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A false rib is one of the five lower pairs that do not connect directly to the sternum. There are 12 pairs of ribs which are attached to the vertebrae of the spine. Of these, seven attach to the breast bone, or sternum, in the front of the body by cartilage called costal cartilage. These are known as true ribs. The eighth, ninth and tenth pairs connect to the cartilage of the seventh pair and are called the vertebro-chondral ribs. The remaining two pairs, which are the lowest, have no cartilaginous attachment to the sternum. They have no anchor at all in the front of the body and are referred to as floating, vertebral or fluctuating ribs.
The twelve pairs of ribs constitute the ribcage which protects the internal organs and supports the upper body. Ribs are curved flat bones with ligaments and muscles between them. These support the ribcage and allow the expansion and contraction necessary for breathing. The floating ribs give additional protection to the stomach, spleen and kidneys as well as give structure to the thorax.
This type of rib, especially if it is floating, is relatively small and more delicate than true ribs and it has a cartilaginous tip. Some people have more or fewer false ribs than others and in some population groups such as the Japanese, the tenth rib can be a floating rib as it lacks the cartilaginous connection the to the seventh rib. The use of a corset can modify the position of the floating ribs in a form of body modification. In Victorian times when tight corsets were worn by the more fashionable ladies, a false rib could turn inward, overlap the sternum and fracture. This in turn affected the lungs which could atrophy and collapse, with a danger of puncturing the lung.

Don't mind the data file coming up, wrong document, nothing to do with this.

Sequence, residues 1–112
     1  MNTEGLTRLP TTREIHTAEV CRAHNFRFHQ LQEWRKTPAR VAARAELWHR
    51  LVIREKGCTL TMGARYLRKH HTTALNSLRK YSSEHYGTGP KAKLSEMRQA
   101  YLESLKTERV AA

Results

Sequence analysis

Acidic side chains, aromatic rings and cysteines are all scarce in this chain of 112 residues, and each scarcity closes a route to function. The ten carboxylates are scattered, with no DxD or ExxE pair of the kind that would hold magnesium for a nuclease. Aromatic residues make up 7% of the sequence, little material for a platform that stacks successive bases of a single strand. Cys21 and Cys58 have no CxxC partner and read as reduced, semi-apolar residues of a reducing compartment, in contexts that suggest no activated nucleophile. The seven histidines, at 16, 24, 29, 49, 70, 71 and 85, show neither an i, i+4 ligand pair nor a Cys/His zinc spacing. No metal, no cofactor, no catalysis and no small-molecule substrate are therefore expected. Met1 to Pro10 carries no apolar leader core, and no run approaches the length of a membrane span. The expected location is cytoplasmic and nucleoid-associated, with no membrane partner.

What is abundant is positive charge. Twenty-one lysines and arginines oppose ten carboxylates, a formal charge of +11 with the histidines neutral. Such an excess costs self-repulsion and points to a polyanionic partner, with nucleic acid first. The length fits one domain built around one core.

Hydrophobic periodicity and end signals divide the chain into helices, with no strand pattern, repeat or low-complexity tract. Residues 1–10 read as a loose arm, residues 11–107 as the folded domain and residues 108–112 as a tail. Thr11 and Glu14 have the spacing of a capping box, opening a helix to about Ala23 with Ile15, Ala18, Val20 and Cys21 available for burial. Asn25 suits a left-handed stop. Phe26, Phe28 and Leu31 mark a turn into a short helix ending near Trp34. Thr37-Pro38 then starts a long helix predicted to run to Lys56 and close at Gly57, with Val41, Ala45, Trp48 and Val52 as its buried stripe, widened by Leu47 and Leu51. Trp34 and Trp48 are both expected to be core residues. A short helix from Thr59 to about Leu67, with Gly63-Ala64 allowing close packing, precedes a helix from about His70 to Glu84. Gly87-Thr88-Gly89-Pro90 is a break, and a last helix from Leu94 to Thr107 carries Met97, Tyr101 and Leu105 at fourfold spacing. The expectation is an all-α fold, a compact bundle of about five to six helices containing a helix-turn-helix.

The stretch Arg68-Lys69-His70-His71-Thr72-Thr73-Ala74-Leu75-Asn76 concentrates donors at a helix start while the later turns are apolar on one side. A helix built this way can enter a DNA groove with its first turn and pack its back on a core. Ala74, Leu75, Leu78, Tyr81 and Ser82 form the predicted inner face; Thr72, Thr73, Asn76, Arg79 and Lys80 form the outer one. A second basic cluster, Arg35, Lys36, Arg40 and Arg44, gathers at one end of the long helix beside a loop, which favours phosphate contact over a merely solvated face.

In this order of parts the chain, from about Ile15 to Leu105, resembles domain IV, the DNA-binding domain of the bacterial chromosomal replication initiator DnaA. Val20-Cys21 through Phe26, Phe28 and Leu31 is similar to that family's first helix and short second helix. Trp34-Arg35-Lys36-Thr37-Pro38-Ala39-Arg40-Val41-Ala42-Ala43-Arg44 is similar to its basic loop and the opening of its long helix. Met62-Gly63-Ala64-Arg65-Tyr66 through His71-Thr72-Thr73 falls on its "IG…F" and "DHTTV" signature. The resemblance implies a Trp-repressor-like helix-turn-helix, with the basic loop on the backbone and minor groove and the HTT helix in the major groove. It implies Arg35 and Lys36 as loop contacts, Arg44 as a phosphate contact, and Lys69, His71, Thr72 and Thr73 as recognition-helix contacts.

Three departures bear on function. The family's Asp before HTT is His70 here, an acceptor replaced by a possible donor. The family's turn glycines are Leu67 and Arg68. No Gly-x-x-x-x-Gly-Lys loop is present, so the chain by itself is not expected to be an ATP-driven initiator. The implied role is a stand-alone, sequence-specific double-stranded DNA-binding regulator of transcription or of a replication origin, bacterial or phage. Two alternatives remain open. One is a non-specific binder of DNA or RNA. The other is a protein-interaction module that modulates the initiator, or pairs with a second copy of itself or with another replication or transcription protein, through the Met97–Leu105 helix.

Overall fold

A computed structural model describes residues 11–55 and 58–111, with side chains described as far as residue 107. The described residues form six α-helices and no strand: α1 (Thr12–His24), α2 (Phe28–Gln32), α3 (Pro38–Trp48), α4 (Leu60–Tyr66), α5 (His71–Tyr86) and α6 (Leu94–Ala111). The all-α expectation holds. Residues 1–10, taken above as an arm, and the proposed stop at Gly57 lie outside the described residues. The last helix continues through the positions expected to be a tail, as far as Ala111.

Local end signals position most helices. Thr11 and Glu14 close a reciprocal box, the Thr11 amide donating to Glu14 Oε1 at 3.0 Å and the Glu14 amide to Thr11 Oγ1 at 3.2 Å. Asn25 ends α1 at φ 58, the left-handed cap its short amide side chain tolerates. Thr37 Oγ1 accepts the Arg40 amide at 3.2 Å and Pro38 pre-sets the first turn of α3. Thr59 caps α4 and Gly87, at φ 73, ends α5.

A false rib can be susceptible to conditions such as fracture, osteomyelitis and infection. They are vulnerable to breakages and many heal by themselves with no further problem but others can heal badly and cause chronic pain and even disability. Despite the false rib having more elasticity than the other bones in the body, sometimes even a violent cough is enough to cause rib trauma. It can take up to eight weeks for a fracture to heal with the muscle underneath the ribcage usually providing enough support for the rib to heal well.
Flemish anatomist Vesalius was the first to note there were 12 pairs of ribs in both sexes in 1543. The finding caused a lot of controversy as, until then, it was assumed that men would have one less rib than women because of the belief that Adam had to give one of his to form Eve. There are people who have one pair of ribs more or fewer than others but this does not depend on gender.
One can cough hard enough to cause rib trauma? I had always heard that and thought it was ridiculous until it happened to me.
Painful stuff. Here is what I learned -- if a cough is too severe, it's time to head to the doctor. An injured rib is an incredibly painful thing.
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